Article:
According to its website, “Genius Hour is a movement that allows students to explore their own passions and encourages creativity in the classroom.” This model makes learner choice the most important element in a classroom. Its origins are murky, but large corporations have used a 20% model for many years. In Megan Allens’ “Genius Hour Makes Great Teachers Redundant,” she states that policies at Google and other large corporations encourage employees to spend 20% of their time on personal interest projects. As a result, employee engagement and productivity purportedly increase. There’s something about pursuing individual interests that makes a job more pleasant and allows employees to express the individualism or creativity they need to feel engaged and motivated. Therefore, we might assume that academic achievement and engagement will increase in the school setting by providing learners with a creative outlet. Now referred to as Genius Hour, this designated period allows learners to research a topic and create a product they might share with their class or outside of school. Key features of Genius Hour include a focus on learner autonomy and the lack of strict deadlines.
Role of the Educator
Think back to the three models of project-based learning. In all three, the educator serves as a facilitator to varying degrees. However, the Genius Hour model requires that educators walk the fine line between director and collaborator. Because learners construct the learning experiences, Virginia Vigil suggests, in fact, that “teachers…strategically create structure but do not determine the path.” The structure of a Genius Hour itself lends to each individual’s project, encouraging discovery and exploration while ensuring that the process is individual and customized. The educator employing Genius Hour functions as a mentor, asking questions and prompting learners to seek expert resources. It is not possible that the educator masters each concept but models the skills learners need. For instance, Vigil suggests teaching learners to use “web conferring systems” for interviews, to craft “professional emails” to experts, or “provide instruction in the use of software…to support the development of digital presentations.”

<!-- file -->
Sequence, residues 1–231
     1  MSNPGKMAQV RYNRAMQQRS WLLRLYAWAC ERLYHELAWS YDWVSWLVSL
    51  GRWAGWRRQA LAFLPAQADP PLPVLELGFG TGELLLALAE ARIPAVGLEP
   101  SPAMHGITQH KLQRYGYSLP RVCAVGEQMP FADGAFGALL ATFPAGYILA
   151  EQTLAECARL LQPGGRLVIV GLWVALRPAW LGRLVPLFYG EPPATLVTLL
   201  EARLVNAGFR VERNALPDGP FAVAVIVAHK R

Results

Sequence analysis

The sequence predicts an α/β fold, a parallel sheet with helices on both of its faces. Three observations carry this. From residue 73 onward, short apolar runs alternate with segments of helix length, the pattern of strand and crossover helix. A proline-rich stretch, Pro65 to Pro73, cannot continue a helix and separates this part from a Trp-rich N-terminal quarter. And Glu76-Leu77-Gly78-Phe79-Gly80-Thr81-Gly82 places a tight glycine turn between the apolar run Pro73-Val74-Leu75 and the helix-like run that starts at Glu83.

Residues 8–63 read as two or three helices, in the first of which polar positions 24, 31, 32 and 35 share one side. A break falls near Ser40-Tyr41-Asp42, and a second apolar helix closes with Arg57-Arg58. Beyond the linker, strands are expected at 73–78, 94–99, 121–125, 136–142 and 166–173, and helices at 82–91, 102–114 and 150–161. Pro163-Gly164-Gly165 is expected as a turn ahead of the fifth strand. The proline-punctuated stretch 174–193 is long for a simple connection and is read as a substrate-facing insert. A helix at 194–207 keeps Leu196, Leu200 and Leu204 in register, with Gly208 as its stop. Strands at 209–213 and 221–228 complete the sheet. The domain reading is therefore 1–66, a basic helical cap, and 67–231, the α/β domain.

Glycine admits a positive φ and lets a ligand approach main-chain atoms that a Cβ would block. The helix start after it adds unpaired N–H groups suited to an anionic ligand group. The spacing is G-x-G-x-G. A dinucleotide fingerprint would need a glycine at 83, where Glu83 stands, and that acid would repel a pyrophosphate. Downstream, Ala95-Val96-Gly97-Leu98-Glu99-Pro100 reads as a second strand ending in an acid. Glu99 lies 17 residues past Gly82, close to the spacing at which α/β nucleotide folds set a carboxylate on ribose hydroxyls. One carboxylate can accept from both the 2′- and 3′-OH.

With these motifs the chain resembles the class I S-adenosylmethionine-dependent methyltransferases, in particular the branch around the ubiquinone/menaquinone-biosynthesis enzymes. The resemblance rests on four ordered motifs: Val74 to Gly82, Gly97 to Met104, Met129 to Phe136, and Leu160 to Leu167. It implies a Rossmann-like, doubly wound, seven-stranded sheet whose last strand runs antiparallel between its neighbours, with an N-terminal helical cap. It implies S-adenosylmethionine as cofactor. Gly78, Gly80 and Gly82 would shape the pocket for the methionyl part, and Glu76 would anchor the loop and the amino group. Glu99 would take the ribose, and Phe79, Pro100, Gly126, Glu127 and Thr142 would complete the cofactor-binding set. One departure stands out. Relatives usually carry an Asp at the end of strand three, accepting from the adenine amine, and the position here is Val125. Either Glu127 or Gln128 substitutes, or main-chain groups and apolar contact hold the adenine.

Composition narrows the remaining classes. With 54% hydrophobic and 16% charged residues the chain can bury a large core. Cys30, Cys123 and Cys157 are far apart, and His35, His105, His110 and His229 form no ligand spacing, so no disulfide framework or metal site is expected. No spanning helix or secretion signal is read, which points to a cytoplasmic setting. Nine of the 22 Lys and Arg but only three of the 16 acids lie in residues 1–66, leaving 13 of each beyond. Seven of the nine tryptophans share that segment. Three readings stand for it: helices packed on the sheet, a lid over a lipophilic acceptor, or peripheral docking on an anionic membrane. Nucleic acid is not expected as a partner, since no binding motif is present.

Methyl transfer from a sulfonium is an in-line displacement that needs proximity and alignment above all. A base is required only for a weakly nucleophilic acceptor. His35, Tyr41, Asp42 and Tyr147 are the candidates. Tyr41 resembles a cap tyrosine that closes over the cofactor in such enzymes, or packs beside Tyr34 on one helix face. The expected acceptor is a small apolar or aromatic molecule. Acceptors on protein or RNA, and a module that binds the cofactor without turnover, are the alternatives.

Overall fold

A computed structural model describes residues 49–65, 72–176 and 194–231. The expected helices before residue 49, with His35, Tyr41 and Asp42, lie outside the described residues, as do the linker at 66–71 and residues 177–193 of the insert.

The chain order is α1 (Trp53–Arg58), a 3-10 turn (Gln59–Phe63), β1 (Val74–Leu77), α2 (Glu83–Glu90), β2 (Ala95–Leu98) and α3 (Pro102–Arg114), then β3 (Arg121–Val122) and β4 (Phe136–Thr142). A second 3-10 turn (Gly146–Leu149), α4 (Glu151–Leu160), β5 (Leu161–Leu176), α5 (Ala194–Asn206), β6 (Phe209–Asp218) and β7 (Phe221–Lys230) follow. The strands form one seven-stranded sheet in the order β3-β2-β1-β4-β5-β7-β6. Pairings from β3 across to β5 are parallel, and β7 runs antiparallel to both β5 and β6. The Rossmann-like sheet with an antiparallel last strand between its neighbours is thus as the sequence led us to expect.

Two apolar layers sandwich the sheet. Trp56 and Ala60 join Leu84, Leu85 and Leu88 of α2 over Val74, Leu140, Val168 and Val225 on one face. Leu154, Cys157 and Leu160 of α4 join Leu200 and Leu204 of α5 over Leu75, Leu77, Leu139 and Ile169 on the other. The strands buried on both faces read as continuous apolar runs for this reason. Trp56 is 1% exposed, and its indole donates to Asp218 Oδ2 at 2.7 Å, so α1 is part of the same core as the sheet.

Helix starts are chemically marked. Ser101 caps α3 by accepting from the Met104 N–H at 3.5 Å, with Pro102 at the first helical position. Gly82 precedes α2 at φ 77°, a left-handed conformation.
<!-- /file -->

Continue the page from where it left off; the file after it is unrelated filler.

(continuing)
Structuring the Classroom
Of course, classroom structure is a key factor in managing learner behaviour, anxiety and promoting a specific classroom culture. In a traditional classroom, educators must set learners’ expectations, account for differentiation, and carefully implement scaffold supports. This is particularly important because, in studies of the Genius Hour model, Elaine Simon found that some learners are “overwhelmed with the amount of freedom of knowledge and personal choice.” Through careful mentoring, however, educators can manage the anxieties of learners. For instance, skills-based support or careful questioning, similar to what might happen in a traditional classroom, can be modelled individually as the educator monitors the needs of every learner. Furthermore, Simon found that valuing cooperative learning, in which learners define their own research and peer review the work of others, is also helpful. In this case, learner-as-expert can come to life, as they are responsible for “critical inquiry, posing central questions developing research plans, … [and] evaluating researchers’ credibility and arguments.” As learners take on greater responsibility, they are more likely to take academic risks. Empowering learners results from clear and concise expectations supported by appropriate scaffolding and differentiation.